Black Book of Neo-liberalism

I just finished reading Naomi Klein‘s latest book, The Shock Doctrine. Klein is a celebrated critic of multi-national corporatism and neo-liberal economic policies, and the Shock Doctrine reads like a black book of neo-liberalism similar to the Black Book of Communism.

The Black Book of Communism sought to document the history of repressions in Communist states, including extrajudicial executions, torture, and man-made famines that the book argues resulted from communist policies. Similarly, the Shock Doctrine argues that similar political repression was necessary to implement the neo-liberal economic policies which came to dominate the global market in the past 30 years. Klein spends most of the book documenting this claim with a thorough history of the origins of the global free market and its close links to crises or shocks, which create a state of emergency necessary to implement unpopular economic reforms. The main argument of the book is summed up in this clever short film by Jonas CuarĂ³n:

Klein argues that the ideology of neo-liberalism, much lauded in economic policies in the 1980s and 1990s, bears responsibility for these crimes committed on its behalf – just as Marxist-Leninist ideology has been held accountable for the crimes of communism. This is the part that I find especially interesting, as it seeks to connect massive political and economic repression with the libertarian free market ideology expounded by Milton Friedman:

Unfortunately, Klein doesn’t talk very much about the details of Friedman’s ideology, which continues to hold such sway over so many economists and political ideologues. As John Gray notes in his review of the book in the Guardian:

But [Klein] says remarkably little about the illusions by which neo-liberal ideologues were themselves blinded. Milton Friedman and his disciples believed a western-style free market would spring up spontaneously in post-communist Russia. They were left gawping when central planning was followed by the criminalised free-for-all of the 90s, and were unprepared for the rise of Putin’s resource-based state capitalism. These ideologues were not the sinister, Dr Strangelove-like figures of the anti-capitalist imagination. They were comically deluded bien-pensants, who promoted their Utopian schemes with messianic fervour and have been left stranded by history, as the radiant future they confidently predicted has failed to arrive.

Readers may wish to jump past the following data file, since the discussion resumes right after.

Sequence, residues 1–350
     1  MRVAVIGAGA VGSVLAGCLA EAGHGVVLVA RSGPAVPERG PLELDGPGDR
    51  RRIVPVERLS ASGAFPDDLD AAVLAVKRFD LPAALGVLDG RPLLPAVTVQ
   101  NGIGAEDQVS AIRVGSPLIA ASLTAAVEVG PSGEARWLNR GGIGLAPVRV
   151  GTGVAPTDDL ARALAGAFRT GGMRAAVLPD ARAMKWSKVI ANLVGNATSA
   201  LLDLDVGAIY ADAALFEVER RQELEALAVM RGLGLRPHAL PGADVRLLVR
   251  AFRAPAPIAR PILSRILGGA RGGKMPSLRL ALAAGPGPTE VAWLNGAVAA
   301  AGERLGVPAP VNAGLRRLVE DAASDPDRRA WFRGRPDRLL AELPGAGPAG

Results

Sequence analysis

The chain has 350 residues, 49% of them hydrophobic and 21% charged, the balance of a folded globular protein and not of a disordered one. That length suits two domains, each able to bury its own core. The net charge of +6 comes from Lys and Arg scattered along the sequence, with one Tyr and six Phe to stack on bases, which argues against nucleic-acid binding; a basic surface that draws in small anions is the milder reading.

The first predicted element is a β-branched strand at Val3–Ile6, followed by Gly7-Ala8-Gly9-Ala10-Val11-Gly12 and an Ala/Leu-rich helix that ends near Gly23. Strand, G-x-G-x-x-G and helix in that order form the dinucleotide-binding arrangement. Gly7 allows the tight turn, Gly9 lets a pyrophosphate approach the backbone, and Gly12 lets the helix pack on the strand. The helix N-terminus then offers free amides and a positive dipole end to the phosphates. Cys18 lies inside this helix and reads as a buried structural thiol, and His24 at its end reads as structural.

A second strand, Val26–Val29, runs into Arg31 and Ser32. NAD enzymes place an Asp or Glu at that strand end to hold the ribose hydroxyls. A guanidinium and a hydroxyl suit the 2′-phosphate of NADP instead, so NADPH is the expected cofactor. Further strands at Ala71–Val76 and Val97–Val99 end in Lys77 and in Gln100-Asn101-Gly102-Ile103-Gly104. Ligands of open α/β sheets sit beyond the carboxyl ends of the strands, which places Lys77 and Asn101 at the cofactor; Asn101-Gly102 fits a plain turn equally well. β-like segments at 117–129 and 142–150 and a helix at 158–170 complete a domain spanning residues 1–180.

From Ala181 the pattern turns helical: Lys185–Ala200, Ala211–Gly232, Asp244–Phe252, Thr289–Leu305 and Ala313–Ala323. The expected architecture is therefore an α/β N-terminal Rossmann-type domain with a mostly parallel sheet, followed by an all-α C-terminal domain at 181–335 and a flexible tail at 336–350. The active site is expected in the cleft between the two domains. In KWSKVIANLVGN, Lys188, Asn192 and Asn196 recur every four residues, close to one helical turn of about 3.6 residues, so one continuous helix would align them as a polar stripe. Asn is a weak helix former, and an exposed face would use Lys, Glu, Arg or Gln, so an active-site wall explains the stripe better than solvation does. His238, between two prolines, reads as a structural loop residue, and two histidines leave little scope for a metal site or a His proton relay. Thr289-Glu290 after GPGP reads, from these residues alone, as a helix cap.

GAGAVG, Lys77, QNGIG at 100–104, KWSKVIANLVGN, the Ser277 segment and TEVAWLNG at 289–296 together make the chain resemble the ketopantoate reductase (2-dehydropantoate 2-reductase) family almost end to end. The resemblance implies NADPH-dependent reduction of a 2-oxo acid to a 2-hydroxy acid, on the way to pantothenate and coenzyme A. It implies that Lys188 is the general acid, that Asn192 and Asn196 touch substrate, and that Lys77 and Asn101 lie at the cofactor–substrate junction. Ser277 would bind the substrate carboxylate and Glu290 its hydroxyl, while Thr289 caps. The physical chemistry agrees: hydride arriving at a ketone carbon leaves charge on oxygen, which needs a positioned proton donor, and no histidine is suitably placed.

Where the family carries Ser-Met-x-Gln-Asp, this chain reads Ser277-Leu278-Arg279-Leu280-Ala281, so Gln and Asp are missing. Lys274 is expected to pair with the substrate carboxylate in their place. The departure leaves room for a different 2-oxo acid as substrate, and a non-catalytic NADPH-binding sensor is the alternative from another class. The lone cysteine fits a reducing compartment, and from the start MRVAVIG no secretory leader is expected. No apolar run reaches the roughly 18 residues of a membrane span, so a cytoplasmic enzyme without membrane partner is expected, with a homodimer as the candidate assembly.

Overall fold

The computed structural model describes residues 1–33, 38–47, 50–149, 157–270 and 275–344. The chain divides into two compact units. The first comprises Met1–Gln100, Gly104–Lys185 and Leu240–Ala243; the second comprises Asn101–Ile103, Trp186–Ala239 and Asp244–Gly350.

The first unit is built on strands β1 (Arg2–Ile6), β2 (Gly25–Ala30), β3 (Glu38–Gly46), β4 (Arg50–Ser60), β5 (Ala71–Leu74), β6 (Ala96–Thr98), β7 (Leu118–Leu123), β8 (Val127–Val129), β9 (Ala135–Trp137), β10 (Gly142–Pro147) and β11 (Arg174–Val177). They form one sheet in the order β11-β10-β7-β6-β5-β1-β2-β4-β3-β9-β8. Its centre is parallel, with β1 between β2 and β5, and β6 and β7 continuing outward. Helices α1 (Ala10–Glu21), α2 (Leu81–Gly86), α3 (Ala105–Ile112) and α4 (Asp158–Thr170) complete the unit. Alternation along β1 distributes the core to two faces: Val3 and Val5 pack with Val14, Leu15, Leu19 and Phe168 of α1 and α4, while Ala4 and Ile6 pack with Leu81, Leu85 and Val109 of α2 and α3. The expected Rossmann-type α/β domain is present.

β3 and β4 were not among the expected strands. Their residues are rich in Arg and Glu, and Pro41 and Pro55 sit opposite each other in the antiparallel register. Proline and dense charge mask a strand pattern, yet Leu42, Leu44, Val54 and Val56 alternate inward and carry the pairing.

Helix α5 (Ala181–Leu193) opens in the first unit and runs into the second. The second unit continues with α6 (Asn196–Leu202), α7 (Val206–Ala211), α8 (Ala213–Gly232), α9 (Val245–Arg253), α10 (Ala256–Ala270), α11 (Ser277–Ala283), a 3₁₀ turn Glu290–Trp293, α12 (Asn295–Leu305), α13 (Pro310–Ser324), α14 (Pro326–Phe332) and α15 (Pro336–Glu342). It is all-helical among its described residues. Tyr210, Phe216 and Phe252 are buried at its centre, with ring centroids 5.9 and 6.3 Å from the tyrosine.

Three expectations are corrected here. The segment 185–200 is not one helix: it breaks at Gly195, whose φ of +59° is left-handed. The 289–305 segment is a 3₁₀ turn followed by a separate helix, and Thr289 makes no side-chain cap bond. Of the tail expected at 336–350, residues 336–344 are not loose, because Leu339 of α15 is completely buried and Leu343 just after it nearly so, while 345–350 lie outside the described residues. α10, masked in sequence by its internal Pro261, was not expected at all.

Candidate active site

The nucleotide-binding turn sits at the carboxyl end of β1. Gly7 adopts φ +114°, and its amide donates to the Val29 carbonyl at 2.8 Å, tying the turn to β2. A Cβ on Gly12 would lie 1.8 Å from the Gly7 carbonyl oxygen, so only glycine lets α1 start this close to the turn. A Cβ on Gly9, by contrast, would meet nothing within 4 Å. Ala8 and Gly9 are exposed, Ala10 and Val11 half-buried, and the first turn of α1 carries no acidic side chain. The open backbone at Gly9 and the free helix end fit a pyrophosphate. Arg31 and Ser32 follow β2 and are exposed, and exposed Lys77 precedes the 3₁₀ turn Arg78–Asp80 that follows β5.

Seen in this light, Friedman’s neo-liberal ideology with its unfaltering belief in the economic rationality and self-interest of the individual as the driving force of democracy, personal freedom and economic growth does appear Utopian: Wealth and influence did not trickle down from the elite to the masses. Perhaps it would have done so if everybody acted in the same self-serving way that Friedman suggests, since that would force some sort of balance of interests, but probably not even that: Since the wealthy and the influential have proven very apt at maintaining their positions without giving up their privileges.

As a new movement of economists have argued, neo-liberal economics are autistic, since it is built on a close-minded, self-absorbed vision of economics as a perfect science based on economic rationality, which could be modelled mathematically. Like physics, which is founded on a set of laws, so should economics be founded on laws of the economic rationality and self-interest of the individual.

But this perfect, rational Homo Economicus doesn’t exist. Being free to choose doesn’t mean that you actually make the rational choices from which you would benefit the most – perhaps because they’re unethical, unreasonable or uncertain. Certainly, it is rational to save the environment to ensure the future of the human race, but what if corporate and political leaders find it more relevant to secure their own short-term economical and political success? It would certainly be in their own best interest, but would it make sense in the long run?

The failure of the neo-liberal ideology lies in its presumption that all people make rational, macro-economic and ethical decisions. This presumption may work well enough on an individual basis to legitimatize individual decisions and actions, but it fails when applied to masses of people.

And that is what the Shock Doctrine documents: When individuals are given a ideological carte blance to be self-serving, those in a position to take advantage of the system will serve themselves well, at the ethical, economic and political long-term cost of everybody else who aren’t as familiar with the workings of the system.

In this way, economic freedom advocated by neo-liberal ideology doesn’t breed political freedom, personal responsibility, and democracy as Friedman claims. Rather, it breeds and legitimatizes greed, repression and cronyism that borders the irrational. Thus, the fundamental question to ask of neo-liberal ideology is:

If people don’t make rational choices, is it rational to assume that they do?

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